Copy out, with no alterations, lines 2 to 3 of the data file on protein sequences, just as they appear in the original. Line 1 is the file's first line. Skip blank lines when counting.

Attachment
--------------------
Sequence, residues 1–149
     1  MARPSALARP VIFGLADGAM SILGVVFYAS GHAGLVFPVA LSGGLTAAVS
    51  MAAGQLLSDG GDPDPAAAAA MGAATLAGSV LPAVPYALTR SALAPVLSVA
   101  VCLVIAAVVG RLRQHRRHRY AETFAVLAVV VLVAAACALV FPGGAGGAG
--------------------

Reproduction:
     1  MARPSALARP VIFGLADGAM SILGVVFYAS GHAGLVFPVA LSGGLTAAVS
    51  MAAGQLLSDG GDPDPAAAAA MGAATLAGSV LPAVPYALTR SALAPVLSVA